A West Vancouver man and his British associate have been charged in Georgia with fentanyl trafficking, money laundering and other counts related to the 2017 overdose deaths of two friends who were in the US navy.
And the RCMP in BC says it played a key role in the international investigation.
Thomas Michael Federuik, 59, was picked up on a provisional arrest warrant on May 24, the RCMP said in a news release. He has already made two appearances in BC Supreme Court.
And Paul Anthony Nicholls, who was deported from BC in 2017, was arrested in Surrey, England, in the same case.
US Petty Officer 1st Class Brian Jerrell, 25, was found dead at a home in Kingsland, Georgia, on Oct. 11, 2017. Four days later, his close friend, Petty Officer 2nd Class Ty Bell, 26, was found dead in the same house. Fentanyl that had been mailed from Canada killed both of them.
Shortly afterwards, the RCMP’s federal serious and organized crime unit in BC launched a joint organized crime investigation with American authorities into an alleged international dark web drug trafficking vendor named Canada1.
Cpl. Arash Seyed said Thursday that RCMP linked Canada1 to a West Van home and officers intercepted several packages that were being shipped by Canada1, and determined the content to be fentanyl.
Federuik and Nicholls, 44, were first arrested at the West Van house in March 2018, Seyed said.
Police “seized a large quantity of fentanyl,” Seyed said. “Investigators also discovered mail tracking slips that coincided with the fentanyl packaging material found by US authorities. Having overstayed his visa, Nicholls was immediately deported to the UK, while the investigation continued.”
The US indictment alleges that Federuik and Nicholls conspired to import drugs from several countries including China and Hungary, then distributed those drugs over the dark web using business names including “East Van Eco Tours” and “Bridge City Consulting LLP.” Neither company is registered in BC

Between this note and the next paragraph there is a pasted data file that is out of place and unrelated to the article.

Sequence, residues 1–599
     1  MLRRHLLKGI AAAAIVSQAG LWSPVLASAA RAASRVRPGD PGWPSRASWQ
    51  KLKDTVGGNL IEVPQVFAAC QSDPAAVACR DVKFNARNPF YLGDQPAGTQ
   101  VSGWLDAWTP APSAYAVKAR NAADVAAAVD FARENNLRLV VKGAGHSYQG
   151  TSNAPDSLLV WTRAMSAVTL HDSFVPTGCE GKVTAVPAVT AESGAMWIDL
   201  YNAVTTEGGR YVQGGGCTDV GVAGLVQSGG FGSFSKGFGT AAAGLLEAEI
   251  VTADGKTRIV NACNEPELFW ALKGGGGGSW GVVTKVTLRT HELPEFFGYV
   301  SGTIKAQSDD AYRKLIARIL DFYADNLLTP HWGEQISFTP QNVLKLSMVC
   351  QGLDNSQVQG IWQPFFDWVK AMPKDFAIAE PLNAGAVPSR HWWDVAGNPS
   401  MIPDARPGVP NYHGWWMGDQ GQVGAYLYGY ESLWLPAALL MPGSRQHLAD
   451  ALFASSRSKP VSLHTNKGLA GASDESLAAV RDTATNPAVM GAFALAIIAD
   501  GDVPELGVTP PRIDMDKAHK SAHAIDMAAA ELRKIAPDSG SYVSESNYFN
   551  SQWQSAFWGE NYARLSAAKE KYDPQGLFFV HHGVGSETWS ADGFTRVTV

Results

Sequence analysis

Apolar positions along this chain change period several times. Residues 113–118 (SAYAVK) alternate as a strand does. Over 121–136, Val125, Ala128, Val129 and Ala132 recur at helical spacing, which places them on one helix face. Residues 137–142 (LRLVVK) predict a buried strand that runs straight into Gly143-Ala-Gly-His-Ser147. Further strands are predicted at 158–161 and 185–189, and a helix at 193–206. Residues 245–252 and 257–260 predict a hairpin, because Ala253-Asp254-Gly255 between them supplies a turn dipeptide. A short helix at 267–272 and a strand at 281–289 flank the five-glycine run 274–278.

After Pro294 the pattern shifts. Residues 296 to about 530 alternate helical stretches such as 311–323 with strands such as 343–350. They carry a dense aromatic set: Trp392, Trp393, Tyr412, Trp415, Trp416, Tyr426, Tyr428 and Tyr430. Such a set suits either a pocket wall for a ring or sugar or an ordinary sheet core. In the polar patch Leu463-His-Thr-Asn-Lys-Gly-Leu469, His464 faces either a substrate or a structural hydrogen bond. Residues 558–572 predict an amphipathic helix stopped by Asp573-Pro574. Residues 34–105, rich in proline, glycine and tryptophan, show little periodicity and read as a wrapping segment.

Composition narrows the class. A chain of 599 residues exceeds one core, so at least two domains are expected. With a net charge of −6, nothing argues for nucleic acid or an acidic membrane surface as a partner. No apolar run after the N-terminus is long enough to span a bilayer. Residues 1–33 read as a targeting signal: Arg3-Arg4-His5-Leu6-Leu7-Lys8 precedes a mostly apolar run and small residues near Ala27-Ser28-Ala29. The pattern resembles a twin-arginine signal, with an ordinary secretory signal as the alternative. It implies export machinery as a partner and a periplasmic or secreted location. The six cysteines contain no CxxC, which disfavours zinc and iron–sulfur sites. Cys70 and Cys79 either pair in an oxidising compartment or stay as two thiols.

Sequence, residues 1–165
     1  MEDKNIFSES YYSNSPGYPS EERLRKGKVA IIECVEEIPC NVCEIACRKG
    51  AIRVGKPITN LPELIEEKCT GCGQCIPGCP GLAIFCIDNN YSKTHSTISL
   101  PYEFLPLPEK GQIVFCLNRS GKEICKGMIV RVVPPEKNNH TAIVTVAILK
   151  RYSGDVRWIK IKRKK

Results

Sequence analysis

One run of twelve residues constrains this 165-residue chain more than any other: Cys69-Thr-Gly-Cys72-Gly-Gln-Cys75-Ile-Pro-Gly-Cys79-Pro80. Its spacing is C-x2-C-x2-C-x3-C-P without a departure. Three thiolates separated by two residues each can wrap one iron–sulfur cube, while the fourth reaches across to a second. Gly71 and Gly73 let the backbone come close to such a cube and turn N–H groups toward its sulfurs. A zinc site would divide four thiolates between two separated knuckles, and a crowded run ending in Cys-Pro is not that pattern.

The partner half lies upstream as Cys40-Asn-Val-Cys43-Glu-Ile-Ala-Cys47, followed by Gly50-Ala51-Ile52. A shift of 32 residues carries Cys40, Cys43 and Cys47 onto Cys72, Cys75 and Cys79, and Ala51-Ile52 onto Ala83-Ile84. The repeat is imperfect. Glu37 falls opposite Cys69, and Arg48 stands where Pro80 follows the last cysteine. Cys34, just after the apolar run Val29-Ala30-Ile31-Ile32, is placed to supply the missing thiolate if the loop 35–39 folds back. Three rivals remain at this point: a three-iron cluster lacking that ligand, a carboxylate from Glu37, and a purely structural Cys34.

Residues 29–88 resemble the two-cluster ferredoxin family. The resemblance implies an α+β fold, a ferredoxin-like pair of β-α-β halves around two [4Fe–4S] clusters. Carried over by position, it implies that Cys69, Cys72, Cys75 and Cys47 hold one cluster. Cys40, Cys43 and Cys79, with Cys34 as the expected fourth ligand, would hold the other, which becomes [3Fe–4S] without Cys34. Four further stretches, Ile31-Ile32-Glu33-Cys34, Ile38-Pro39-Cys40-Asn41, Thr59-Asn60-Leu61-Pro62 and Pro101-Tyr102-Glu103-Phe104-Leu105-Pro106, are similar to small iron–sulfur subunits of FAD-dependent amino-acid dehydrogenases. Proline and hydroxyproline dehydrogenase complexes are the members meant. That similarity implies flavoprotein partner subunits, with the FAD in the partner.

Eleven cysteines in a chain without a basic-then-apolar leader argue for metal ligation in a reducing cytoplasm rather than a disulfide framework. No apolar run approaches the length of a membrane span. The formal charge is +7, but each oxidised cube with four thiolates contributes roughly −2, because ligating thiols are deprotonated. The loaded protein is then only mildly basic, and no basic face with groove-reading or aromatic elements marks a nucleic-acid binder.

The indictment, a copy of which was obtained by Postmedia, also alleges that a shipment of those drugs packaged by the conspirators traveled from Canada to Kingsland, Georgia, resulting in the deaths of the two navy petty officers.
The two accused also attempted “to conduct financial transactions knowing that the property involved in the financial transactions represented the proceeds of a specified unlawful activity, that is, importation and distribution of controlled substances,” the indictment said.
The pair “did use virtual currency systems aka cryptocurrency, including, but not limited to, Bitcoin as well as United States and Canadian currency in the drug transactions,” it also said.
In February 1998, Federuik was charged with possession of a counterfeiting instrument in Burnaby. There was no outcome of the case was available in the provincial court data base. In 2011, he was handed a two-year conditional sentence for convictions of theft of something valued at over $5,000 and fraud. He was also ordered to pay $97,000 restitution.
He also has an on-going lawsuit against a former employee for wrongful dismissal from his job as a construction site supervisor.
Seyed said “the dark web continues to harbor toxic opioid traffickers.” The unit’s cybercrime operations group “continues to relentlessly pursue and dismantle toxic drug pipelines that operate within the digital maze of anonymity.”
Supt. Richard Bergevin, who heads federal policing in BC, said “every single life claimed by the toxic opioid crisis leaves an untold number of loved ones in perpetual grief and anguish.”
“We share their pain, and remain steadfast in our commitment to protecting communities within and beyond our borders from the deadly pipeline of toxic opioids,” he said.
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